Grass Mesa resident questions vote favoring EnCana plan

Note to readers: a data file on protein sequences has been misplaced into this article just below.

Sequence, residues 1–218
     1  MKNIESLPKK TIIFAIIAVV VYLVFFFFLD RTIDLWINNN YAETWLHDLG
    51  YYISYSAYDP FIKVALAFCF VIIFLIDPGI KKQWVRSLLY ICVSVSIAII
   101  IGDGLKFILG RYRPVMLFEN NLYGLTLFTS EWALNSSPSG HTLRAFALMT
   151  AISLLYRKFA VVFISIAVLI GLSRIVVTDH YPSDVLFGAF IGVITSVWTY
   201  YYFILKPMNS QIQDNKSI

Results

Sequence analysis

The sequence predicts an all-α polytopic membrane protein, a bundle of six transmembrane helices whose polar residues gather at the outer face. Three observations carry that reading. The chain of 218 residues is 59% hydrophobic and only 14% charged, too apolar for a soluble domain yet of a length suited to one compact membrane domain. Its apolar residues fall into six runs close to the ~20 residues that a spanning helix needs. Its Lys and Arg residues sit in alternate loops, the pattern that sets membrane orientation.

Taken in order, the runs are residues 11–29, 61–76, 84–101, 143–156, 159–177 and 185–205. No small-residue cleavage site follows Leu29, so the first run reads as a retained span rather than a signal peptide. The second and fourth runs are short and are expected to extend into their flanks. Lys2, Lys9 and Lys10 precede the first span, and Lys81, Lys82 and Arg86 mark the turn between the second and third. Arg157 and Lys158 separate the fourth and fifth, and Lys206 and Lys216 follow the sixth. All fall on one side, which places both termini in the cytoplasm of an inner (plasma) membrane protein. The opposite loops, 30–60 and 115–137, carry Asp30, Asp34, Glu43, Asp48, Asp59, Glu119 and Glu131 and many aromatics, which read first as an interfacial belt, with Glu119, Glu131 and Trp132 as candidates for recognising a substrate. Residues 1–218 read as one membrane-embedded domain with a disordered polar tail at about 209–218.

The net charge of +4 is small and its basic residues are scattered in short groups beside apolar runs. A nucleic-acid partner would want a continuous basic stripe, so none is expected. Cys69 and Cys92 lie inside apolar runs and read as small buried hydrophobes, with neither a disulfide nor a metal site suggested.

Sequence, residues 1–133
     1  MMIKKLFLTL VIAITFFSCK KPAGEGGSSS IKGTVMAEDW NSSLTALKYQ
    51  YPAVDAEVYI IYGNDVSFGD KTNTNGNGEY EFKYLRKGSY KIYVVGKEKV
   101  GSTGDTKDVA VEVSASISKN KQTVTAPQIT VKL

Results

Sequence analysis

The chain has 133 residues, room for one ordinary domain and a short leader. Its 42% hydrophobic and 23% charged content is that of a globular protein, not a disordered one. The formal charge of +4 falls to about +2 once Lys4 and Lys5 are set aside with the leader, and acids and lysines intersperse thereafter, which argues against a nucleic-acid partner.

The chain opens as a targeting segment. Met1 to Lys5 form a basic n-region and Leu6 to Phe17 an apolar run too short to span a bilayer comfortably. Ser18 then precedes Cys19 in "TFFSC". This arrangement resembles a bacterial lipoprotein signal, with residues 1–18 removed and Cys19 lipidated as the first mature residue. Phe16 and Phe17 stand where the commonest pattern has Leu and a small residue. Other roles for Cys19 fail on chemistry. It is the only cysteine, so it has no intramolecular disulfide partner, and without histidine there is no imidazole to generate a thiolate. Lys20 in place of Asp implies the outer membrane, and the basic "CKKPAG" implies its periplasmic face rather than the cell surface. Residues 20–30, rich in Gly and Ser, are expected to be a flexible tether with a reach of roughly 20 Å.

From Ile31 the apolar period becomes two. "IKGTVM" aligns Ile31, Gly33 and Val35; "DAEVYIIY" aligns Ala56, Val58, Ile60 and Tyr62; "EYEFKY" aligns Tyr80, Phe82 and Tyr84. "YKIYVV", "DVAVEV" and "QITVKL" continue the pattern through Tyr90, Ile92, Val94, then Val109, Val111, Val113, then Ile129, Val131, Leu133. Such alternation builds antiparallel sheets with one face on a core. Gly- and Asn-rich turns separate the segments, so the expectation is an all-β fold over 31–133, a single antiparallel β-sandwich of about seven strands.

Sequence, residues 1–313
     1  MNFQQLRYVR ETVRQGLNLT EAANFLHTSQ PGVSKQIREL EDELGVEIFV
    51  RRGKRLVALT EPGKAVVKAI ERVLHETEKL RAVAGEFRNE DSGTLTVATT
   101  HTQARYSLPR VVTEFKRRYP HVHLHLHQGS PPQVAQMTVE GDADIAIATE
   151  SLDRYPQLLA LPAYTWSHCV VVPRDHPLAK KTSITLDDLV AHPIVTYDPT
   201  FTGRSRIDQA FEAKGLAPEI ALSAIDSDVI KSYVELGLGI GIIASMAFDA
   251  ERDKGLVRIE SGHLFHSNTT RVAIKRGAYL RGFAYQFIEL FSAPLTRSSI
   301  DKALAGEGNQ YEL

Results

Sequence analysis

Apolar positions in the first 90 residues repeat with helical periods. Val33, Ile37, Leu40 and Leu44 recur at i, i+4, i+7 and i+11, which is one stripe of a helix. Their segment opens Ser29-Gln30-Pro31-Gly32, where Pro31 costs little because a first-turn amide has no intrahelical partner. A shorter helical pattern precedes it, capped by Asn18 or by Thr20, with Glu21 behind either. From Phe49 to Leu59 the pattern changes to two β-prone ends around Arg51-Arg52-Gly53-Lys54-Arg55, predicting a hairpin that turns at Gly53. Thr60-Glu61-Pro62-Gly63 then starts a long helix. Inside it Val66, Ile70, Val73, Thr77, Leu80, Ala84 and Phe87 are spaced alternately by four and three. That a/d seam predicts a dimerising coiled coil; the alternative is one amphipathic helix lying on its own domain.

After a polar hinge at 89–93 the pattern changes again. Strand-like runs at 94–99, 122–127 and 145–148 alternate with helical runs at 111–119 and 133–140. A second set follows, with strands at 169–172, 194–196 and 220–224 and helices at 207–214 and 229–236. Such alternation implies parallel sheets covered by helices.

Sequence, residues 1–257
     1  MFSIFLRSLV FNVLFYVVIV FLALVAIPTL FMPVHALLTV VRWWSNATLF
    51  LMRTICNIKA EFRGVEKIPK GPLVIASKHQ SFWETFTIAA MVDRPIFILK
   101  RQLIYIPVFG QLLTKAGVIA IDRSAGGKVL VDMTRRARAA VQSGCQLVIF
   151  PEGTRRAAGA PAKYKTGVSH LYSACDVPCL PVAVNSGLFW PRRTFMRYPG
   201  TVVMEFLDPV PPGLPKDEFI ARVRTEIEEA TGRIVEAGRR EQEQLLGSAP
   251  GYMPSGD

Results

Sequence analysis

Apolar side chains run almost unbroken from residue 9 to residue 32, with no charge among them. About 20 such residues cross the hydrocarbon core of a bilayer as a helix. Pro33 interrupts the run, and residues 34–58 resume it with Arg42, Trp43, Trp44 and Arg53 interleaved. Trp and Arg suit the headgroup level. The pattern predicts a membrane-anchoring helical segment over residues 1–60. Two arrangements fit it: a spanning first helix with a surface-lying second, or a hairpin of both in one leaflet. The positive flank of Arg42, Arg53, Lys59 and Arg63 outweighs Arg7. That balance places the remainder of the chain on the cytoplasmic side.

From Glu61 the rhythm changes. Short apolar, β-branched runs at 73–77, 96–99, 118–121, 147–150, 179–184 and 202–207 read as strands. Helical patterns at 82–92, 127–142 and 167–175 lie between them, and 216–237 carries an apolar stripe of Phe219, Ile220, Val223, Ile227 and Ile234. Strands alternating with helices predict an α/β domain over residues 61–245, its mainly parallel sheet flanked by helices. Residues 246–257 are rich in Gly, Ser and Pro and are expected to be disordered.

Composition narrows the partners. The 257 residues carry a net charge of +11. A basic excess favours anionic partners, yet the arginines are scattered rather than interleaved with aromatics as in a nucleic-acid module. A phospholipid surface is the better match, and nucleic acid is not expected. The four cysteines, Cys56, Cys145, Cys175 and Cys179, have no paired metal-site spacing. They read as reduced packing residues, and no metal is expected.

RIFLE – Allegations of a biased ballot are being made in the wake of a vote by homeowners in favor of letting a natural gas developer drill in the winter on Grass Mesa.Residents recently approved a plan under which EnCana Oil & Gas (USA) would pay their homeowners association $500,000 that the company would save by speeding up drilling on Grass Mesa, south of Rifle.However, some opponents of the idea may protest the outcome, according to one of them, Janice Zielinski. She said a homeowners association letter about the ballot was biased in favor of the EnCana plan.”That isn’t right, not when it’s a ballot that’s going out. It should be the facts only, not what a few people think,” she said.Under EnCana’s plan, it hopes to dedicate two drilling rigs to the Grass Mesa area year-round, and complete its current drilling program there by 2010, two years earlier than planned. The cash it is offering homeowners may amount to about $375,000 after taxes, and is expected to be used for road maintenance.EnCana would need approval from the Bureau of Land Management to proceed with the plan, and a BLM spokesman has said that approval would occur only if the Colorado Division of Wildlife and homeowners support it. The DOW has voiced interest in the idea, under which EnCana would provide 8,000 acres of temporary winter wildlife refuge near Grass Mesa.EnCana spokesperson Wendy Wiedenbeck welcomed the results of the homeowners’ vote.”We’re pleased with the outcome and believe it provides a win-win solution,” she said.Megan Klatt, whose husband, Brian, is on the homeowners association board and works in the natural gas industry, said she didn’t vote on the issue. She said she didn’t have strong feelings either way and felt it was important to leave the decision to those who had stronger opinions about it.She said there is a drilling rig near her home, but EnCana has worked to reduce the noise levels associated with it. Klatt moved to the area about a year ago, knowing drilling was occurring there, but said she can understand how people living there before gas development started would be more upset about it.But she said EnCana’s drilling plan was approved by a large majority of residents, which leaves her wondering how much of a chance opponents have of successfully protesting the outcome.Zielinski conceded that the chance of a successful protest might be slim.”I bet you at this point it’s a done deal, unfortunately,” she said.Zielinski questions how likely elk are to use the alternative winter habitat that EnCana wants to designate for them. She also worries that EnCana may alter its proposal as time goes by, in keeping with what she believes is a history by the company of promising one thing and doing another.”They’ve never stuck to anything ever once before,” she said.EnCana has said that it can’t guarantee that its accelerated drilling schedule wouldn’t change, due to the possibility of encountering unforeseen drilling challenges.Zielinski said some members of the homeowners association board are too focused on the financial offer. She thinks Grass Mesa’s roads are in good shape and the homeowners don’t need the money.EnCana is supposed to maintain roads it uses. Klatt said homeowners’ fees were raised $200 last year to pay for maintenance of other roads, and it’s still not enough.”Our residents speed, it ruins the road and we don’t have the money to cover it,” she said.Contact Dennis Webb: email@example.comPost Independent, Glenwood Springs Colorado CO
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